Many construction and other projects have ground to a halt as a result of the virus. Festivals, concerts and sports events have been postponed.
However, once the emergency passes, these should all in time resume, and so there are likely to be opportunities for startups.
"Ireland has been desperately trying to build houses," said Kerr. "We still have to build all those houses, so there have to be opportunities for qualified construction people."
This time 10 years ago, Ireland was in the depths of one of the worst recessions ever. Things seemed hopeless for many people at that time but Ireland recovered, and it should recover from the current crisis too. Once that happens, you could make a lot of money from a business that's ready to hit the ground running.
Startup survival tips
How do I get the timing right?
“Businesses — particularly startups — succeed and fail on account of timing,” said Dragons’ Den star Gavin Duffy. “If you come to the market with an offering and the timing is right, it’s a lot easier than doing so at a challenging time.” It may be wiser therefore to hold off setting up your own business until after the Covid-19 crisis.
“In reality, there aren’t that many opportunities out there for starting up a business in the current climate,” said Oisin Geoghegan, head of enterprise at Fingal’s LEO. “If someone’s looking to set up a business, they should take a long-term view, as we will come out of this crisis.
“A lot of people will have time on their hands during these weeks and months. It can be really beneficial to use that time to upskill — and to do research into setting up your business. If you don’t have the skills necessary to make your business successful, it won’t work.”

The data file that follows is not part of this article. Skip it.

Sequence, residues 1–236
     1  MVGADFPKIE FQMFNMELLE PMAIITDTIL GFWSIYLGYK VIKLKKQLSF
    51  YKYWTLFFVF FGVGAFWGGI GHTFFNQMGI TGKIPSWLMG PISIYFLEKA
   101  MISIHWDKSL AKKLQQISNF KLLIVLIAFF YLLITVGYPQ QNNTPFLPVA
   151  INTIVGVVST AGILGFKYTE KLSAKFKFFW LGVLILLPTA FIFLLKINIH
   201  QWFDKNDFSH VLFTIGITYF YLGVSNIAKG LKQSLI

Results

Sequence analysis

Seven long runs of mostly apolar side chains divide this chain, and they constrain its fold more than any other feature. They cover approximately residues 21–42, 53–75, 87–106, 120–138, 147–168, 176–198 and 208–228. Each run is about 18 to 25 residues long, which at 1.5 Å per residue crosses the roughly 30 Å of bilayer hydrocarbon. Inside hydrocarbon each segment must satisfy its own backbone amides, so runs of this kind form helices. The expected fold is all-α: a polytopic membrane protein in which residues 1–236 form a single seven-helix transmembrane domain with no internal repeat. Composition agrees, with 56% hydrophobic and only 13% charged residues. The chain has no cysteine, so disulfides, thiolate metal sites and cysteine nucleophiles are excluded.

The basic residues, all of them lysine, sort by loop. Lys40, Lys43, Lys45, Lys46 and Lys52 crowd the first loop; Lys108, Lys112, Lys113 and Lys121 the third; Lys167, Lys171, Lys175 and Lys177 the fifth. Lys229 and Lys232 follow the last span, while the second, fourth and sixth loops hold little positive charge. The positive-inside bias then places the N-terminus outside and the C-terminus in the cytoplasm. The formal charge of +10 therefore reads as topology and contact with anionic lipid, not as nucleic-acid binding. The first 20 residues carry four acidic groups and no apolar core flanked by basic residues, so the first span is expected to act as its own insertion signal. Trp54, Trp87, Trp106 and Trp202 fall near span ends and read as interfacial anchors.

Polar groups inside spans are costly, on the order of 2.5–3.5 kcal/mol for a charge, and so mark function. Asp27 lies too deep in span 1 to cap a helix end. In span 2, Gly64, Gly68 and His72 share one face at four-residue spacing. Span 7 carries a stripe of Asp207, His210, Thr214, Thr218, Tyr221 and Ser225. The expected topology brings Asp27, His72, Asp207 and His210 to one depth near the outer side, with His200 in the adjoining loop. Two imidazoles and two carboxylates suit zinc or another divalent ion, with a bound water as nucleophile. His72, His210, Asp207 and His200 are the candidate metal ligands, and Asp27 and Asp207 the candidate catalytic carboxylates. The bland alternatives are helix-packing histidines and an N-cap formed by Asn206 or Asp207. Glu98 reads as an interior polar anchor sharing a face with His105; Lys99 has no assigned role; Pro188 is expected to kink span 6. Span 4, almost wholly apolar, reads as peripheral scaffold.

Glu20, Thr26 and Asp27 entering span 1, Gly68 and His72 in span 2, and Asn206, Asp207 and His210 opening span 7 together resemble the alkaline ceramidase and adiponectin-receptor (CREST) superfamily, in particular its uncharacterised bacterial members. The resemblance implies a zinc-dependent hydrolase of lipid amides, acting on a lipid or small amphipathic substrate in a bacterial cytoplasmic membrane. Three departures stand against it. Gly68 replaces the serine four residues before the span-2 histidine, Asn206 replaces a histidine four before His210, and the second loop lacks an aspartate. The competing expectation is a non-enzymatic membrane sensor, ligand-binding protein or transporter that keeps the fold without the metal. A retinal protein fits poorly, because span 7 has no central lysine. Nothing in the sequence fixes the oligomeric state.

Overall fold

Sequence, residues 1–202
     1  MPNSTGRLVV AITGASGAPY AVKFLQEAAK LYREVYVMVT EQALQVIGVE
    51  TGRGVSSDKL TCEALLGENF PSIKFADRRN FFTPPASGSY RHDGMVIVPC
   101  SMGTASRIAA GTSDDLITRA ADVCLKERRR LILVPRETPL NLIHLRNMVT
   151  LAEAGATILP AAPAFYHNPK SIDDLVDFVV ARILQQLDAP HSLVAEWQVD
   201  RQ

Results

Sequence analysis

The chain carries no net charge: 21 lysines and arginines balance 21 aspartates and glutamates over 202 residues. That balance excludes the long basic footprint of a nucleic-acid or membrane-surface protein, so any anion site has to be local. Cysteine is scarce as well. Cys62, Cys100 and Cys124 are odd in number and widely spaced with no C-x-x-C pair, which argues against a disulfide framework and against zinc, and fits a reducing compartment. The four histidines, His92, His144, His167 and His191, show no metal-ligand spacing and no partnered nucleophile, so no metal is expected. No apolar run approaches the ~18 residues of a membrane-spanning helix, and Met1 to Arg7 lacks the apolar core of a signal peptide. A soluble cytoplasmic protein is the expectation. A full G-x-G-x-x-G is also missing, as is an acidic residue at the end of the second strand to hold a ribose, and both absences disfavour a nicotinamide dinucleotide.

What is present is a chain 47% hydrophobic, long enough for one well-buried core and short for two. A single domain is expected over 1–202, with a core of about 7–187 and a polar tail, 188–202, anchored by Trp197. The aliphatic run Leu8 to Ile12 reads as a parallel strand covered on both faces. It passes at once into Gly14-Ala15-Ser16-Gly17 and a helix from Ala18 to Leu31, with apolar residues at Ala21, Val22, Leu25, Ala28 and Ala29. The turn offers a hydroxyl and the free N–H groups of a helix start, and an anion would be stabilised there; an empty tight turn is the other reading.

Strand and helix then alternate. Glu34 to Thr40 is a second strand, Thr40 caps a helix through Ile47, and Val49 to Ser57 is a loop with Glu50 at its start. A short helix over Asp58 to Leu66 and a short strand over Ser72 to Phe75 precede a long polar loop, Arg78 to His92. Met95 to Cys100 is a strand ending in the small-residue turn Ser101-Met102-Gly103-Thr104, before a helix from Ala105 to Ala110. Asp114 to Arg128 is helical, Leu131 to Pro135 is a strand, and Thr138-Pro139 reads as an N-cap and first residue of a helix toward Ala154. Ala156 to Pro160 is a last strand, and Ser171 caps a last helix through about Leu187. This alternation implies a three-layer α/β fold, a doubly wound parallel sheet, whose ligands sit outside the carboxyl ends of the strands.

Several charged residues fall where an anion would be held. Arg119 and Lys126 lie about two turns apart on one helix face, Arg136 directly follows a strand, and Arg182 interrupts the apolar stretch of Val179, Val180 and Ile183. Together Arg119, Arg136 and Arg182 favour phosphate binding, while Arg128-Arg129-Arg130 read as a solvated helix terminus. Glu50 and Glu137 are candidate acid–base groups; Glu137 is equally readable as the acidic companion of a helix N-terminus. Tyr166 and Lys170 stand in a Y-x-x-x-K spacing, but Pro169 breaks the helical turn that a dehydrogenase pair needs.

How do I survive financially?
“If you can, try to keep some alternative income on the go as you develop your business idea and start up your business,” said broadcaster and entrepreneur Bobby Kerr. Cash flow is crucial.
“Now more than ever, you really do have to watch your cash flow,” said Duffy.
“So get into a small business where you’re paid upfront for whatever product or service you’re delivering.”
Businesses and the self-employed should have a cash flow plan for every four-, six- and eight-week period, advised Kerr. “Have a clear picture of the cash flow you have coming in, and of how long you can survive on that cash flow,” said Kerr.
It should be cheaper to set up your business in a recovering economy than would have been the case in a booming economy. “There will be real opportunities out there as there will be a distressed market,” said Kerr.
How do I market?
“People are more likely to be tied to their community after this crisis so think about marketing your business locally — such as through local radio or newspapers,” said Duffy. “Poster adverts may also be more effective as people will be out and about more [after this crisis].”
Research & advice
Get advice from your local enterprise office. “Any business you are thinking of setting up is likely to have been set up before — so do your research and see what it is that has made that business successful,” said Geoghegan. “Equally, if there is a business that hasn’t been successful, find out why it failed. Talk to people whose opinion you value. Get independent business mentoring.”
For information on the advice and supports available from your local enterprise office, visit localenterprise.ie. For information on Enterprise Ireland funding for startups, visit enterprise-ireland.com/en/funding-supports.